Federal investigators have launched a number of investigations into how drugmakers might be setting or maintaining high prices on some of their drugs, looking into pricing on generics and relationships with so-called specialty pharmacies. Now three drugmakers have been subpoenaed for information on their relationships with drug charities.
Gilead Sciences ($GILD), Biogen ($BIIB) and Jazz Pharmaceuticals ($JAZZ) have disclosed in filings that they have been hit up by the feds for documents related to their support of nonprofits that assist patients, reports Bloomberg, which has taken a deep look into such relationships.
As the news service points out, drug companies are not allowed to give direct copay help to patients who get treatments paid for by Medicare. That would be deemed a kickback. But they can make contributions to charities that assist Medicare patients to pay for drugs. That is, so long as those donations don’t have any strings attached and charities are not favoring one company’s drugs over another.
Bloomberg reports that drugmakers donated $1.1 billion to charities in 2014, more than double the amount from just four years before. The charities are important because if their support means patients sometimes continue to take expensive drugs instead of less expensive alternatives, meaning drugmakers benefit.
The charities Bloomberg spoke to claim independence. They point out they have no sway over drug prices and that their donors have no say in their operations. But the news service also spoke to a handful of former employees from one charity that claimed patients taking Jazz’s $90,000 a year narcolepsy drug Xyrem got quick help while those taking a competing drug might get waitlisted, a charge the charity denied.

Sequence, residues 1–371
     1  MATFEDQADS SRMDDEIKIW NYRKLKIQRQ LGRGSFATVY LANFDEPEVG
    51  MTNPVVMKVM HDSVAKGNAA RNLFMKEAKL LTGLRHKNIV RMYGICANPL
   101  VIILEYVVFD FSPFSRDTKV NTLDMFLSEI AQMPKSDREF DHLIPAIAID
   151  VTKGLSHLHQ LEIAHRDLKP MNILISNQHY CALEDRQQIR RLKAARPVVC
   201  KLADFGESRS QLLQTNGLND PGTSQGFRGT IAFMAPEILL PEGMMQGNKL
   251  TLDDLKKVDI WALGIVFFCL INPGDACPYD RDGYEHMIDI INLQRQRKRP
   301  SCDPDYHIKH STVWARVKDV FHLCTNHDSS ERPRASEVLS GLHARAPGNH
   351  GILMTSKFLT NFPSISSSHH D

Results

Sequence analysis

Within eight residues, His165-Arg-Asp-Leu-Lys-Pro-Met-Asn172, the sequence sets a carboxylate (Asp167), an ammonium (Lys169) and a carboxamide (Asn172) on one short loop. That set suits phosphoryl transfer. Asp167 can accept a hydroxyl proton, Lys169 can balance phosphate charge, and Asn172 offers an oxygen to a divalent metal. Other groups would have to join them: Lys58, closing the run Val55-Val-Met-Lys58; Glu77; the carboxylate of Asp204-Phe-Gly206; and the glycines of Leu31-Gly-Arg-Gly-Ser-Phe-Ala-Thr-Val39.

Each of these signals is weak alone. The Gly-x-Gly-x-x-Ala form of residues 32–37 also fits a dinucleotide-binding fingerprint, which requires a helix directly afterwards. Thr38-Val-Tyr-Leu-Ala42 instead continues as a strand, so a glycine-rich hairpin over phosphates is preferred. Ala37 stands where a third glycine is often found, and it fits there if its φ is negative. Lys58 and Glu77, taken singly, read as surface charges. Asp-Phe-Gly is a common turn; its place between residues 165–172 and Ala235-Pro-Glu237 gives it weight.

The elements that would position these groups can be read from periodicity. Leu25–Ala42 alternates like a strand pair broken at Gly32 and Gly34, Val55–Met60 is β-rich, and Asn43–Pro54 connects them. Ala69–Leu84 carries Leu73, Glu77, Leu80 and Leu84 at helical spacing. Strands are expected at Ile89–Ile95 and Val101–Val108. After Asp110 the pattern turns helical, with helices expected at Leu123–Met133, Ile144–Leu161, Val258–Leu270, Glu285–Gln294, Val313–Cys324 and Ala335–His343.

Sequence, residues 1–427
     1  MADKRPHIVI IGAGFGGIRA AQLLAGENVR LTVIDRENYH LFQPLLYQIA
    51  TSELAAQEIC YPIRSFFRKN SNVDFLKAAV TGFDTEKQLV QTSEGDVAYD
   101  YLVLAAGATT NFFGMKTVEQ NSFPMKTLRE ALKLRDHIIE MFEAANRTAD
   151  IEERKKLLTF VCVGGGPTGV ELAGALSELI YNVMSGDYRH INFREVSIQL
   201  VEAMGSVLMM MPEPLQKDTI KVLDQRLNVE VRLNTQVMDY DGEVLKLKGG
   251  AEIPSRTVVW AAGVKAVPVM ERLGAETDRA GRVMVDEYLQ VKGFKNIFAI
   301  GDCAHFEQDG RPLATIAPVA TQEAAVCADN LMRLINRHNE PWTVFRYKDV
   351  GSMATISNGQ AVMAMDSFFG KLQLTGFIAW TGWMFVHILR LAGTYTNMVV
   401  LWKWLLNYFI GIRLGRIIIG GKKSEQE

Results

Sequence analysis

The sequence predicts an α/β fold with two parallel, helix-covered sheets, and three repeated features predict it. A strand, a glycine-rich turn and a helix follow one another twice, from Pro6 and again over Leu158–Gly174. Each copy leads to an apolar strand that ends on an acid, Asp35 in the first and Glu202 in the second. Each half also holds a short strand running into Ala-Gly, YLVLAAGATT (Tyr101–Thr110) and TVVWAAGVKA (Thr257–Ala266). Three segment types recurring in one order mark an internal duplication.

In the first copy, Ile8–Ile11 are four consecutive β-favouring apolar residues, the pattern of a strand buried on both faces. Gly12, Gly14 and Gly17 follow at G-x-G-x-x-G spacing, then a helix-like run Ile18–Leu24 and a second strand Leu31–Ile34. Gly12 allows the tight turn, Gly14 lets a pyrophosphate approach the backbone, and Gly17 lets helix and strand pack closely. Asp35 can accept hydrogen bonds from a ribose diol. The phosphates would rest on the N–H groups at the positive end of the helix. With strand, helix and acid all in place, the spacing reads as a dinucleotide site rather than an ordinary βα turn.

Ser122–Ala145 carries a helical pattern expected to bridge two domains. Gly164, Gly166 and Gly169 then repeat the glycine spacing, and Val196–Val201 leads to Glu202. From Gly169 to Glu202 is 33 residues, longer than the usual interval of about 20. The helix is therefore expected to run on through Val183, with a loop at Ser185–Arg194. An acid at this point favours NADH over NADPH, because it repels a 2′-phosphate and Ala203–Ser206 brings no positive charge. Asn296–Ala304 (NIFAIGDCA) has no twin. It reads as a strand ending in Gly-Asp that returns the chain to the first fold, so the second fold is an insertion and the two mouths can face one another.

These kinds of relationships came up three years ago when The New York Times reported that the Chronic Disease Fund, the largest copay assistance charity at the time, had put new administrators in place after questions were raised about favoritism towards patients taking Questcor Pharmaceuticals’ H.P. Acthar Gel, a drug that had come under criticism for its $28,000-per-vial price.
According to Bloomberg, Gilead was not only asked for documents tied to relationships with drug charities but also about its own patient-assistance programs for its highly successful hepatitis C drugs. The Foster City, CA, company last year actually dropped some patients from its program. It was unhappy that some insurers continued to refuse to cover or put limits on the coverage of the drugs even after being offered discounts from Gilead. So the drugmaker altered its patient assistance program criteria to exclude patients whose insurers had set limits on its drugs or were willing to cover only AbbVie's ($ABBV) competing product Viekira Pak. Gilead has indicated it is cooperating with the request from investigators.
- read the Bloomberg story
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